Painting a Historic Carousel Dapple Horse
I thought I would
go crazy, seeing spots before my eyes, before I could figure out how to get a
carousel horse to look like the dapples in the old photographs and paintings I
had come across. In doing research I found out that a dapple grey wasn't a
recognized breed and yet it was considered the most popular horse to own
during the Victorian period. Where did they get these horses? WHO was breeding
them? Were they a genetic accident?
A dapple grey
I looked up pictures of Lipizzans and Arabians and Pintos and Appaloosas
but none looked like the photos of the
early carousel and rocking horses. Heck, my oldest son's first horse even
qualified and she was half "Welch" and half "American Saddler". The more I
looked, the more photo references I came across of the carved replicas. They
appeared on carousels and on rocking horses from England to France, Germany to
America. They all looked similar in an abstract sort of way. Why did the
painters insist on painting these spotted horses?
I was ready to
give it a shot. Why not? It is only paint, right! The first horse I tried my
dapple spots on I ended up painting three times. Back to research and the
telephone. I called everyone I knew who painted carousel animals. Everyone had
a different method, of course, none of which worked for me. Some were
convinced that the mane and tails were supposed to be black, others maintained
that they had to be white. One guy said he used q-tips. Okay. I had now
reached the point of frustration.
It took three tries to get the spots just right
Then one day, I
came across wrapping paper with an antique rocking horse on it that was
perfect. Now, mind you, I already had a file full of reference photos and
clippings. I had also jumped fences, dodged cows and other critters in order
to waltz up to strange horses to take close-up photos of their body parts.
Including big, huge draft horses and Morgans, no mere Budweiser Clydesdales
for me. I was driven. I was determined to figure this one out. And there it
was, the answer to my dilemma on wrapping paper. Where the horse was white, it
had black spots, and where it was black, it had white spots.
This wrapping paper unlocked one of life's little mysteries
I then remembered
stories my father used to tell about horse thieves who would paint stolen
horses with spots to change their color. They would dip eggs into stove black
( a thin paint used on cook stoves and pipes) and using both ends of the egg,
paint small and large spots on the horses. It was also used to disguise the
age of the horse, the more spots, the younger the animal. So all I needed was
a round brush that I could use to create these elusive round spots.
I had this marvelous 1890's Allen Herschell horse in my studio. It was
repaired, sanded, primed - a pristine white creature who was begging for the
spots of a true "carousel" dapple grey. In my earlier attempts I had used
enamel paints and all my spots had blended together. Primer dries faster and has
more texture and if I applied a clear finish over the top, it would be
durable. All I needed to do was add the spots. Since both my primer and my
enamels were alkyd based, they could be mixed.
Out came all my
reference pictures and a very worn "relaxed" stencil brush the diameter of a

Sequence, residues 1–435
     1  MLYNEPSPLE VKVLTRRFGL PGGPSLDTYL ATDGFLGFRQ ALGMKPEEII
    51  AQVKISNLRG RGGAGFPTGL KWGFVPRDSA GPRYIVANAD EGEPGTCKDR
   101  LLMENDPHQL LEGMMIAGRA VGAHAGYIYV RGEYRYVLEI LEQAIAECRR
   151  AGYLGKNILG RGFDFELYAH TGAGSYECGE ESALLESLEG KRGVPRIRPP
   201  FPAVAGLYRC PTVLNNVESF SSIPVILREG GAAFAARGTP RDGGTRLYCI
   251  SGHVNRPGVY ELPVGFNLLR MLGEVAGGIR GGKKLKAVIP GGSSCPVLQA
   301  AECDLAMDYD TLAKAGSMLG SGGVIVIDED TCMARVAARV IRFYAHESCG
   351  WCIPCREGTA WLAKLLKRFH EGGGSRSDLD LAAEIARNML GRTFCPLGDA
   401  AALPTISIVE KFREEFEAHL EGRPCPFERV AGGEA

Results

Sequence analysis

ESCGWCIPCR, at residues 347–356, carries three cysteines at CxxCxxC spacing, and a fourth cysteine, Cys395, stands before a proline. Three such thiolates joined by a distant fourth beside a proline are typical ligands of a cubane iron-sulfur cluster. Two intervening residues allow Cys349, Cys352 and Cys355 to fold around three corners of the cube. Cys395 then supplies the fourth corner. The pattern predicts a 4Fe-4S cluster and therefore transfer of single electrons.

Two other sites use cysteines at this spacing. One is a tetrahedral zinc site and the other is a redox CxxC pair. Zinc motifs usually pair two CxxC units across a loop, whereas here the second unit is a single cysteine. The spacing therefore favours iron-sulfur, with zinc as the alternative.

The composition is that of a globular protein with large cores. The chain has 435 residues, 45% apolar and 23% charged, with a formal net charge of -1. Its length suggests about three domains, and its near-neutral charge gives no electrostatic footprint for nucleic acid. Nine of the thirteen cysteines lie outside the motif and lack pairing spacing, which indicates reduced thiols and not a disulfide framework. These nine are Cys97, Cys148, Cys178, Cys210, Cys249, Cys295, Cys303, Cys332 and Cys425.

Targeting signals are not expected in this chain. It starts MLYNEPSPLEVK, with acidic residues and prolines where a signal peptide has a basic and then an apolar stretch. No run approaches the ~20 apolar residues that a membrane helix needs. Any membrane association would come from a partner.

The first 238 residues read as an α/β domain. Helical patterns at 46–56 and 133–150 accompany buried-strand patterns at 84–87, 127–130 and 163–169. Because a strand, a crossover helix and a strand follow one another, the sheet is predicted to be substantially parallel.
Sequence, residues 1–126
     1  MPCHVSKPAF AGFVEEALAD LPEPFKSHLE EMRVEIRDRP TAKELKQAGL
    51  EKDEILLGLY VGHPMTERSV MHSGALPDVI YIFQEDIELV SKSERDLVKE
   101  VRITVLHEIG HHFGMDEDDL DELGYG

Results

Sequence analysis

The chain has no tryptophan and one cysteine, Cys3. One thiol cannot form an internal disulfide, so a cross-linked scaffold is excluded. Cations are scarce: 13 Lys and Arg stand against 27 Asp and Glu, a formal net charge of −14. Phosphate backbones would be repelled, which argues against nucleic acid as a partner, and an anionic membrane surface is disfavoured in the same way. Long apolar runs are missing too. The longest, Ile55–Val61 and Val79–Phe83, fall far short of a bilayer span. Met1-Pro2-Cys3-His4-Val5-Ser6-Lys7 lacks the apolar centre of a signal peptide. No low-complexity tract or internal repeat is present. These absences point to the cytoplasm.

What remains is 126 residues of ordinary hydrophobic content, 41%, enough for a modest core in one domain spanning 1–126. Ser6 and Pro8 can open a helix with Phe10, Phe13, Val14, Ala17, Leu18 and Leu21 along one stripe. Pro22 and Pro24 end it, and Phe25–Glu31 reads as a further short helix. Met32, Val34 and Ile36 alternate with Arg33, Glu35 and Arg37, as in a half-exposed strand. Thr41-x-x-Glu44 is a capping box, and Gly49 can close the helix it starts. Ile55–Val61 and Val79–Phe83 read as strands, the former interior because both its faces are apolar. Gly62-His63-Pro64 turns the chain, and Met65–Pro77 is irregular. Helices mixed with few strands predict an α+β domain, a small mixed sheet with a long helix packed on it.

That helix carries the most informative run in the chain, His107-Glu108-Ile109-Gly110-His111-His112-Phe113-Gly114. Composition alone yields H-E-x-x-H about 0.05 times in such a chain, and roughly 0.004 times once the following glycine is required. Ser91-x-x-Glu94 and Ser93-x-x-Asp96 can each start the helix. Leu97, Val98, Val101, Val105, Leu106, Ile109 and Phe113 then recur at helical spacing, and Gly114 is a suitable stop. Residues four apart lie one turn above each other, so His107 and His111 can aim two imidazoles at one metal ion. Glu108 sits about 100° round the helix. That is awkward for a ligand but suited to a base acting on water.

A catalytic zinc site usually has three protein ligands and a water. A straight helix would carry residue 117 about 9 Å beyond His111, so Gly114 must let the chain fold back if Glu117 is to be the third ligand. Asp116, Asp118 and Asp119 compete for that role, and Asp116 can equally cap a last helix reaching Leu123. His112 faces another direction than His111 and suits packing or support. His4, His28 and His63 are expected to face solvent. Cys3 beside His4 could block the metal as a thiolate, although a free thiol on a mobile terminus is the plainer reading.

quarter. Using it and a 1" inch cheap bristle brush I began to paint with the
black flat (low-luster) enamel and white primer. I shaded and dappled with the
1" brush, pushing the paint onto the horse, and I used the stencil brush to
apply the alternate colored spots. By using the inexpensive brush, I could
abuse it to create the hair texture I wanted. By working wet-in-wet and moving
quickly around the horse, my elusive dapple spots began to appear.
The finished Dapple Grey, on the carousel in Republic, Washington
dries faster than normal enamel paint so I was able to create the "hairs" of
the individual spots by coming back to an area when the paint began to get
"tacky" and push or stencil the alternate colored spots into it. Nearly
straight black gave me the dark shades at the knees, around the hoof, and at
the withers. Then I stippled a blend of black and white using the "dry brush"
onto the black to give the effect of hair in the shaded areas. I kept going
around and around the horse, a spot here, a dapple there. I worked fast,
stepping back often to check out the "look" with my reference photos. The
adrenaline was rushing, it was happening. I had created a true, historic
dapple grey carousel horse.
My favorite horse to paint now is the dapple because I have conquered the
challenge. When you do this, it becomes your favorite because you know what it
took to get you there. This little Allen Herschell can be ridden on the
restored merry-go-round in Republic, Washington.
The other points I would like to stress:
- Build a "reference" file of photos and clippings to aid in your painting.
- Always work in "paint families". In this example I used alkyd enamels, oil
artist paints, and primers that are all linseed oil based . . . or of the
same paint family.
- The colors used on an antique animal should be appropriate to the colors
popular for the same period. These colors can be found in photos or
paintings of houses, interiors, and even fashions of the same period.
Bette Largent is a professional carousel horse restoration artist from
Washington State, and the author of
Paint The Ponies,
a guide for those who are interested in learning the art of painting
for information on ordering her book.